There are many definitions of sustainable development, most of which incorporate the notion that true sustainability must balance economic, social and environmental dimensions. USDA bases its approach to agricultural sustainability on two definitions, both of which incorporate the three dimensions of sustainability:
Farm Bills: The 1977 and 1990 “Farm Bills” describe sustainable agriculture as an integrated system of plant and animal production practices having a site-specific application that will, over the long term:
- satisfy human food and fiber needs;
- enhance environmental quality and the natural resource base upon which the agricultural economy depends;
- make the most efficient use of nonrenewable resources and on-farm resources and integrate, where appropriate, natural biological cycles and controls;
- sustain the economic viability of farm operations;
- enhance the quality of life for farmers and society as a whole.
Section 1404(17) of the National Agricultural Research, Extension, and Teaching Policy Act of 1977 (7 U.S.C. 3103(17) and the Food, Agriculture, Conservation, and Trade Act of 1990 (FACTA), Public Law 101-624. Title XVI, Subtitle A, Section 1603, GPO, Washington, D.C., 1990 NAL Call#KF1692.A31 1990.
USDA Consensus Statement (2011): The U.S. Department of Agriculture is committed to working with partners and stakeholders toward sustainability of diverse agricultural, forest and range systems. USDA seeks to balance the goals of:
- Satisfying human needs;
- Enhancing environmental quality, the resource base, and ecosystem services;
- Sustaining the economic viability of agriculture;
- Enhancing the quality of life for farmers, ranchers, forest mangers, workers and society as a whole.
USDA integrates these goals into its policies and programs, particularly through interagency collaboration, partnership and outreach at both domestic and international levels.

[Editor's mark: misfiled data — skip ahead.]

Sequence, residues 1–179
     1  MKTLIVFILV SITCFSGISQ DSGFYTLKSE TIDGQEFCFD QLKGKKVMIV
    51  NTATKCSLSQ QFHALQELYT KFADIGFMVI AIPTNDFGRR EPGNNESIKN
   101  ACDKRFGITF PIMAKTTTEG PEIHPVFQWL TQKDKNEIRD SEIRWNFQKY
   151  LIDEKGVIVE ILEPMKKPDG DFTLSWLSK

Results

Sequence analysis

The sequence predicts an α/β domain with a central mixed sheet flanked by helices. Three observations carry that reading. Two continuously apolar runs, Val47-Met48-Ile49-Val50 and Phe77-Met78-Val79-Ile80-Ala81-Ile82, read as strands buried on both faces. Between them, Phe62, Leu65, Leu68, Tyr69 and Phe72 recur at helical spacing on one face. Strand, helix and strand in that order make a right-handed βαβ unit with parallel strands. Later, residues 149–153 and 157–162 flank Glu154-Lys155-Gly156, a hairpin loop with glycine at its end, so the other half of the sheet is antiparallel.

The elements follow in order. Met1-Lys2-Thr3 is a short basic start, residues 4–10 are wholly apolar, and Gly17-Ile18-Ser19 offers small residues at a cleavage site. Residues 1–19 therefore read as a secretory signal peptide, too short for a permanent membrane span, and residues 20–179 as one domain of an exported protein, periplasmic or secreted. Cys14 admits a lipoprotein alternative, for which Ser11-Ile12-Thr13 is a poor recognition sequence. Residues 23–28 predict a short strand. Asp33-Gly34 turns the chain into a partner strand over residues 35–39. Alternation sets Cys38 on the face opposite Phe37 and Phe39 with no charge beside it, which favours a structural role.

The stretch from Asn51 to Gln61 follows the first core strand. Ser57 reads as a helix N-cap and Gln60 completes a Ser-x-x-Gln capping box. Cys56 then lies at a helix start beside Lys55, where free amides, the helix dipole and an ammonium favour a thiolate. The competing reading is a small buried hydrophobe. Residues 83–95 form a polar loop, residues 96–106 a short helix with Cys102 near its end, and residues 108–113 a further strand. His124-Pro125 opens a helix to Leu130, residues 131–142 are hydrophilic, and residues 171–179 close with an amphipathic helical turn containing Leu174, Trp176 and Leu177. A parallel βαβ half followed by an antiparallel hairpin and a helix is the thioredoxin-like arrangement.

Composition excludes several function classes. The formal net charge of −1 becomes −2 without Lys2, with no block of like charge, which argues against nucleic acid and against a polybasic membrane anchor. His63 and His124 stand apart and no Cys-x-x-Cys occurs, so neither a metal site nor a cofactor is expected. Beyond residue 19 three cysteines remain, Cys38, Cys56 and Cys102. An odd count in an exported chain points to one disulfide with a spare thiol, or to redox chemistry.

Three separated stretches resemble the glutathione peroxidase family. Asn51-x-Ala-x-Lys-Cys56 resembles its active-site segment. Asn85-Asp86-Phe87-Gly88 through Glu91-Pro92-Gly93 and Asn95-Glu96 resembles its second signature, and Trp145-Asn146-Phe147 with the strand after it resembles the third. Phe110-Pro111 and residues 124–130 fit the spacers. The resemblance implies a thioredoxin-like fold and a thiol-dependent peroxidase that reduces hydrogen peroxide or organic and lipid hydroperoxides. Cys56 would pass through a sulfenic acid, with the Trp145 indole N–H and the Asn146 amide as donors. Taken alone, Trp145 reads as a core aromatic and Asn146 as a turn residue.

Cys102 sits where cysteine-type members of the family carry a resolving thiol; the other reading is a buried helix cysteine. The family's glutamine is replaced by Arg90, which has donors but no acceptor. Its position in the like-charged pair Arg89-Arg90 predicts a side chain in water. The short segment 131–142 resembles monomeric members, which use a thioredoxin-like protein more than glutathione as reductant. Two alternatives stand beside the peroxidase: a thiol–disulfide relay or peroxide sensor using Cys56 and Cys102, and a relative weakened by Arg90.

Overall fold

USDA encourages the development and adoption of place-and-scale-appropriate management, production, distribution, and information systems that advance continuous, integrated progress toward all of these goals across landscapes, supply chains and markets. USDA also supports the principles of “reduce, reuse, and recycle” in relation to efficient product handling, processing, transportation, packaging, trade, consumption and waste management.
The concept of a “food system” represents a contrast to notions of agriculture and food production and consumption as a simple, linear chain from farm to table. Food systems are instead, complex networks that include all the inputs and outputs associated with agricultural and food production and consumption. Food systems can vary substantially from place to place and over time, depending on location specific conditions. The food systems concept provides a comprehensive framing through which to assess the social, economic, and environmental dimensions of sustainability.
Food systems can be defined in different ways, depending on emphasis. USDA’s National Agricultural Library defines them simply as “everything from farm to table.” USDA describes local and regional food systems as “place-specific clusters of agricultural producers of all kinds—farmers, ranchers, fishers—along with consumers and institutions engaged in producing, processing, distributing, and selling foods.”
A definition used by the U.S. in its Global Food Security Strategy is “Agriculture and food systems are the intact or whole unit made up of interrelated components of people, behaviors, relationships, and material goods that interact in the production, processing, packaging, transporting, trade, marketing, consumption, and use of food, feed, and fiber through aquaculture, farming, wild fisheries, forestry, and pastoralism. The food and agriculture system operates within and is influenced by social, political, economic, and environmental contexts."
The UN Food and Agricultural Organization (FAO) describes food systems as “Food systems encompass the entire range of actors and their interlinked value-adding activities involved in the production, aggregation, processing, distribution, consumption and disposal of food products that originate from agriculture, forestry or fisheries, and parts of the broader economic, societal and natural environments in which they are embedded. The food system is composed of sub-systems (e.g. farming system, waste management system, input supply system, etc.) and interacts with other key systems (e.g. energy system, trade system, health system, etc.).”
The same FAO document describes a sustainable food system as “a food system that delivers food security and nutrition for all in such a way that the economic, social and environmental bases to generate food security and nutrition for future generations are not compromised. This means that:
- It is profitable throughout (economic sustainability);
- It has broad-based benefits for society (social sustainability); and
- It has a positive or neutral impact on the natural environment (environmental sustainability).”